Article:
Star Child: A Biographical Constellation of Octavia Estelle Butler

By Ibi Zoboi,

Book cover of Star Child: A Biographical Constellation of Octavia Estelle Butler

Why this book?

My love affair with Octavia Butler began early when I encountered her short story collection, Bloodchild, in college. I was so taken with the questions she was asking about the nature of being human, our seemingly innate need to form a hierarchy and dominate others, and possibilities for freedom and transformation. The best part was that she did it all through a sci-fi lens...one that she infused with a distinctly Black feminist perspective. I had never read anything like it. And now, we finally have a biography for young people (and really for everyone) about her life, her mind, and preoccupations as a young woman. Ibi Zoboi has deftly penned what she is calling a "biographical constellation" of a young Butler, written primarily in short poems, but also including micro-essays on the social context of her youth, and copies of some of her first writings. Anyone with an imagination will love this book.


Transforming Scriptures: African American Women Writers and the Bible

By Katherine Clay Bassard,

Book cover of Transforming Scriptures: African American Women Writers and the Bible

Why this book?

Drawing upon her expertise in African American literature, Katherine Clay Bassard writes about the ways Black women poets, novelists, preachers, and orators from the 1700s through the 1900s used biblical themes and images to challenge the dominant culture’s oppression of women and people of color. African American women used a variety of scriptural images, including the Queen of Sheba and the “black but comely” female speaker in the Song of Songs, to argue for Black women’s dignity. Bassard celebrates African American women’s creativity and their shrewd employment of scriptural passages to engage in resistance to racism and sexism.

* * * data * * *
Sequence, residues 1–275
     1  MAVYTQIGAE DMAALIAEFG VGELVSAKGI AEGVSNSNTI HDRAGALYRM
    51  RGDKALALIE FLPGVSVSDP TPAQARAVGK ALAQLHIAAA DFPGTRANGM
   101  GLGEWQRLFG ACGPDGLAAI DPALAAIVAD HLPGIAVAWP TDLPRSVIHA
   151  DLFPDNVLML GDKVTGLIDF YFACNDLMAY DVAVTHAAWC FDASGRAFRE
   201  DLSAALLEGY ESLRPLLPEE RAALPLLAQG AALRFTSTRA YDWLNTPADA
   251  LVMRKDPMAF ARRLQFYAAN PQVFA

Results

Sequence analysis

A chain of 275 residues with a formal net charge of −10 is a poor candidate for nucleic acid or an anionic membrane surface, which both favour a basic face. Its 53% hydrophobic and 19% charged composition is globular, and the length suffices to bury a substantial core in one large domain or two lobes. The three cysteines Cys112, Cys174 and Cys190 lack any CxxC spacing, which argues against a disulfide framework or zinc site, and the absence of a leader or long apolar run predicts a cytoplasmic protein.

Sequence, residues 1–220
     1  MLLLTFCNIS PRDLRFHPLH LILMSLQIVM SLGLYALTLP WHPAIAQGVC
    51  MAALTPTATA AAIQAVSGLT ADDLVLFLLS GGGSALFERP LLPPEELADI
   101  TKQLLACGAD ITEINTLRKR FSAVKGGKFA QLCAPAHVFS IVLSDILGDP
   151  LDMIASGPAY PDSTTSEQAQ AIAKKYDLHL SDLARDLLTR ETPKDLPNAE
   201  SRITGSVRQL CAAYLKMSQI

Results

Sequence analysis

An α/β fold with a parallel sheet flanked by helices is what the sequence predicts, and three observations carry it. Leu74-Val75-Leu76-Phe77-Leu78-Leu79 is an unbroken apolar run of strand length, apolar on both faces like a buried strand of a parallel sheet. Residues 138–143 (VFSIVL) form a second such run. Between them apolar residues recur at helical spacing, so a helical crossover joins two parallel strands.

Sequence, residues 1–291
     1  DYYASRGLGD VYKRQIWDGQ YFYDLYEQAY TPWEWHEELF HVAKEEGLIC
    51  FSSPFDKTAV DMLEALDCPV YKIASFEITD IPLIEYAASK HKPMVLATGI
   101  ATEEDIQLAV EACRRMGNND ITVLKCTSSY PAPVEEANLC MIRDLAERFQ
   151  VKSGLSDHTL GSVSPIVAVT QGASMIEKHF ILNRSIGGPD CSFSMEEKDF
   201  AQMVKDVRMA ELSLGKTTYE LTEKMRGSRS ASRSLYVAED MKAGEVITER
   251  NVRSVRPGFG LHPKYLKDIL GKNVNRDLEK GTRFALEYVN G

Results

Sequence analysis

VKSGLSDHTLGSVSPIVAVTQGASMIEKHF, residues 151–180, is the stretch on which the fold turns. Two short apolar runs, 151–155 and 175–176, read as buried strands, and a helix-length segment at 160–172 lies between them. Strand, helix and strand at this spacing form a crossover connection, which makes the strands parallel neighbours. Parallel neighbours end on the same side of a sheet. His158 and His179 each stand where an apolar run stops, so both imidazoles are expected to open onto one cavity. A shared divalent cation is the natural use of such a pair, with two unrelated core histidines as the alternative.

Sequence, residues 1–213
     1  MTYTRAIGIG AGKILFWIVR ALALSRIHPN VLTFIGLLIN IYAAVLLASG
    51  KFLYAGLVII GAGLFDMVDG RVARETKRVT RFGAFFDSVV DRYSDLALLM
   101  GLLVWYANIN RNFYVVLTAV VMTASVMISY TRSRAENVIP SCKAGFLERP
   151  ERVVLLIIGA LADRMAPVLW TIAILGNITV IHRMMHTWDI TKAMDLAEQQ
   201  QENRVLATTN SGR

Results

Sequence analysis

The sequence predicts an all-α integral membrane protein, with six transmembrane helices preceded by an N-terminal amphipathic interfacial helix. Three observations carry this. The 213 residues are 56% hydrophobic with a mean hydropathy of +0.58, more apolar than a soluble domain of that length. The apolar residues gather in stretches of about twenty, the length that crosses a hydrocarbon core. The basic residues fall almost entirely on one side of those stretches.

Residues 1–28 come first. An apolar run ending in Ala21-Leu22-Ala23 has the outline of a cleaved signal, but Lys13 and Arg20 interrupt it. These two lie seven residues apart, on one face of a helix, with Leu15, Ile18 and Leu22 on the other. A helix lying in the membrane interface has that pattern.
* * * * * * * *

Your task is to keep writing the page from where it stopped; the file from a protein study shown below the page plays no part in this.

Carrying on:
Read Until You Understand: The Profound Wisdom of Black Life and Literature

By Farah Jasmine Griffin,

Book cover of Read Until You Understand: The Profound Wisdom of Black Life and Literature

Why this book?

Although her father died when she was only nine, the great scholar of African American life and literature, Farah Jasmine Griffin has never forgotten his admonition to her: “Read until you understand.” In this beautiful book, Professor Griffin guides us to an understanding of the U.S. Constitution, Malcolm X, Marvin Gaye, and Stevie Wonder, the artist Romare Bearden, and writers as different as the enslaved 18th-century poet Phillis Wheatley and Nobel Prize winner Toni Morrison. As educators, we have read and re-read and read again. Every read reveals a new level of understanding and we are grateful for the journey on which Professor Griffin leads us.


Punch Me Up to the Gods: A Memoir

By Brian Broome,

Book cover of Punch Me Up to the Gods: A Memoir

Why this book?

This one is a true outlier, because I don’t know Brian Broome, but after reading his incredible memoir, I wish I did because he’s an amazing human and a wonderful storyteller. His book is dealing with blackness, queerness and the expectations surrounding black manhood and his struggle to reject violence in favor of love and ultimately, of self-love as well. I haven’t seen him up close, but in photos, he totally looks super pretty, so he has that in common with every one of these authors. I loved his book and can’t wait for his next.  


African American Poetry: 250 Years of Struggle & Song: A Library of America Anthology

By Kevin Young,

Book cover of African American Poetry: 250 Years of Struggle & Song: A Library of America Anthology

Why this book?

Kevin Young’s anthology is the latest in a long line of Black poetry anthologies; the first was James Weldon Johnson’s Book of American Negro Poetry (1922), which Young duly acknowledges. Most of Young’s choices I agree with; some I don’t (at least one of Paul Laurence Dunbar’s great sonnets should have been included); but in the main it is a terrific anthology of poets historical up to the present day. I counted almost 40 sonnets among the poems included. Readers who are interested in the dates the poems were published can turn to an extensive set of notes in the back, which are really helpful.


Rise! From Caged Bird to Poet of the People, Maya Angelou

By Bethany Hegedus, Tonya Engel (illustrator),